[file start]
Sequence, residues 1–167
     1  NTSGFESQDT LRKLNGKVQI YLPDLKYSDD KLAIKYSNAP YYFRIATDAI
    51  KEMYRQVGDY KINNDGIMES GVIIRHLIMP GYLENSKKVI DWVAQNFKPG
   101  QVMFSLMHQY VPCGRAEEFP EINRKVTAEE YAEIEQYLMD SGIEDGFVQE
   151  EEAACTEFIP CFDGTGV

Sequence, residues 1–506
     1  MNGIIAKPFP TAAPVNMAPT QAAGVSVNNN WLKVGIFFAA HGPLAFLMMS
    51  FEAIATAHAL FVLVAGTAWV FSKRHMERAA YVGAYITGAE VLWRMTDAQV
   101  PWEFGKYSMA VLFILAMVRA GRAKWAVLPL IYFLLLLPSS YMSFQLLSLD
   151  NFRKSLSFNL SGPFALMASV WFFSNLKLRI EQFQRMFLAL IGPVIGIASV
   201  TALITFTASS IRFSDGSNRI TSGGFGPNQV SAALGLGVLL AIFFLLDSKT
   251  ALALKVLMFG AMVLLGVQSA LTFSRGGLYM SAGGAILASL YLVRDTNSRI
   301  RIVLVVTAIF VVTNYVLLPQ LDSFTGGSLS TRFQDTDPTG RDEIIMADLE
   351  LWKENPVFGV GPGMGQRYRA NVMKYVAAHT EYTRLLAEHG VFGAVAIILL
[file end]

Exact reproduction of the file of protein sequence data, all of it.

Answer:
Sequence, residues 1–167
     1  NTSGFESQDT LRKLNGKVQI YLPDLKYSDD KLAIKYSNAP YYFRIATDAI
    51  KEMYRQVGDY KINNDGIMES GVIIRHLIMP GYLENSKKVI DWVAQNFKPG
   101  QVMFSLMHQY VPCGRAEEFP EINRKVTAEE YAEIEQYLMD SGIEDGFVQE
   151  EEAACTEFIP CFDGTGV

Sequence, residues 1–506
     1  MNGIIAKPFP TAAPVNMAPT QAAGVSVNNN WLKVGIFFAA HGPLAFLMMS
    51  FEAIATAHAL FVLVAGTAWV FSKRHMERAA YVGAYITGAE VLWRMTDAQV
   101  PWEFGKYSMA VLFILAMVRA GRAKWAVLPL IYFLLLLPSS YMSFQLLSLD
   151  NFRKSLSFNL SGPFALMASV WFFSNLKLRI EQFQRMFLAL IGPVIGIASV
   201  TALITFTASS IRFSDGSNRI TSGGFGPNQV SAALGLGVLL AIFFLLDSKT
   251  ALALKVLMFG AMVLLGVQSA LTFSRGGLYM SAGGAILASL YLVRDTNSRI
   301  RIVLVVTAIF VVTNYVLLPQ LDSFTGGSLS TRFQDTDPTG RDEIIMADLE
   351  LWKENPVFGV GPGMGQRYRA NVMKYVAAHT EYTRLLAEHG VFGAVAIILL